Prescriptions for the future health of the Church of England

by
21 March 2014

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From Mr Nigel Holmes

Sir, - "Big buildings and big institutions fall down slowly but there comes a point when the roof really does fall in and we move from being Durham Cathedral to Fountains Abbey. . . My own gut feeling is that there will be serious questions of viability before I retire, probably camouflaged in pastoral reorganising at diocesan level. Say seven to ten years." These are words written by the present Archbishop of Canterbury when he was the Bishop of Durham, and are quoted by Andrew Atherstone in The Road to Canterbury (DLT, 2013).

Thank you for your series of articles on the state of the Church. The sobering statistical analysis by Professor Linda Woodhead has been particularly telling. As many of your articles have proclaimed, flexibility in thinking and radical structural change is urgent. We must make the best use of abilities available. In the past, the greatest waste was the sidelining of women; in our day, inflexibility of movement between categories, especially lay to ordained, marginalises many unpaid ministers. So that the fewer paid clergy can devote more time to mission, the maintenance of ministry will fall increasingly on volunteers. Yet the talents of Readers remain under-used.

As so often in the Church of England, those with influence can easily frustrate the will of the people. A survey of more than 1000 Readers found that one-third felt frustrated, and the vast majority sought significant change. Their views were all but ignored. We cannot afford to waste such talent and experience.

Sadly, many with power regard ministry as static. To my mind, it should be dynamic, offering movement between categories, progression matching flourishing talent and accumulated experience. As numbers diminish, the survival of the Church in a recognisable form will depend on this. Mission impossible?

NIGEL HOLMES
Woodside, Great Corby
Carlisle CA4 8LL

 

From Mr John Griffiths

Sir, - In a Church running out of clergy and lacking the resources to keep buildings serviceable, the laity is the one part of the Church which can be expected to play a more crucial role in the future. This is why it is all the more scandalous that there is no integrated strategy for lay training; and that the vast majority of money spent in the Church of England is being spent on buildings and clergy. It is high time that the laity were imagined as more than pew-fodder replacing the money sluicing out of the holes in the Church Commissioners' pockets, and were resourced as being vital to the future of the Church in England. Let us start investing in the laity.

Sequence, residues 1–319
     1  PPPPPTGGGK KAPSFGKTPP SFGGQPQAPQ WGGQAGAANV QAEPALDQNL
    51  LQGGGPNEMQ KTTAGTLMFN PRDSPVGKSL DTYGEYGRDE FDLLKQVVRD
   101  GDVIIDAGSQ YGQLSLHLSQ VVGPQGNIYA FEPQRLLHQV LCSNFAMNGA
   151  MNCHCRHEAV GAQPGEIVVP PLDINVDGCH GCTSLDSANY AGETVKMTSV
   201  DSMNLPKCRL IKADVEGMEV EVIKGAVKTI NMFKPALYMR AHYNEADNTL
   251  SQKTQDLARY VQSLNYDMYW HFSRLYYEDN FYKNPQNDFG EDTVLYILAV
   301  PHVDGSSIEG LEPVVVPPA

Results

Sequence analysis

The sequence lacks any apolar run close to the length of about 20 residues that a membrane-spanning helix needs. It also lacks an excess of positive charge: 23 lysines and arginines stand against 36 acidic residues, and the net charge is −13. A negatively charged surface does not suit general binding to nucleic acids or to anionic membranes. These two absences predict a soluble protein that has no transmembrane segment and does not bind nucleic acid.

JOHN GRIFFITHS
58 Middlefield Road
Hoddesdon EN11 9ER

 

From Mr Alan Stanley

Sir, - Much is said and written about the ministry of clergy. Very little, if anything, is written about the theology of the non-ordained without making it it in some way an appendage of the true parish ministry, that of the clergy.

The many growing Churches take the theology of the whole people of God much more seriously. Many have a voluntarist ecclesiology that, although we may not accept all that involves, does in actuality place the whole local congregation at the centre of the cure of souls in that area. Many growing worldwide Anglican Churches value, nurture, and enable the ministry of the non-ordained.

ALAN STANLEY
Assbridge Lodge, Cattle Lane
Aberford, Leeds LS25 3BN

 

From Dr Sheila E. Fisher

Sir, - In the debate about church health and the careful reflections of the past four weeks, I find myself wondering where the recognition of the power of chaplaincy ministry is.

In the wider world of schools, prisons, healthcare, airports, and in the hard times of life such as illness and bereavement, chaplains reach out in the love and grace of God.

The content, especially and disappointingly in the final issue, has been centred on parochial ministry; and yet there is no either/or aspect to parochial and chaplaincy: they are complementary aspects of Jesus's ministry. He respected the scriptures and taught in the synagogue. He had an equally powerful ministry in the towns and countryside, reaching out to the marginalised and vulnerable.

Surely it is time for our Church to do the same? It is possible to support the parish structure, and yet feel a vocation to a wider ministry, reaching out to places that parochial ministry finds it difficult to access. This demands different, but complementary, talents from parish leadership; and yet there appears to be no pathway to identify and offer training to those who feel this call.

SHEILA E. FISHER
2 Primley Park Mount
Alwoodley, Leeds LS17 7JJ

 

From Sister Monica and Sister Catherine

Sir, - It is inspiring that the Archbishop of Canterbury is developing and encouraging the ecumenical aspect of the religious life at Lambeth Palace. This continues the work of traditional Anglican religious communities at the instigation of Archbishop Runcie, who invited the Order of the Holy Paraclete to establish a presence at the Palace. It was continued by Archbishops Carey and Williams; and for a short time, two communities (the Community of the Holy Name and Sisters of the Love of God) worked and lived together, involved in the life of the Palace and in the local area. We thank God that the Chemin Neuf community is able to build on this work (News, 28 February).

SISTER MONICA CHN, AND SISTER CATHERINE CHN
64 Allexton Gardens, Welland
Peterborough PE1 4UW

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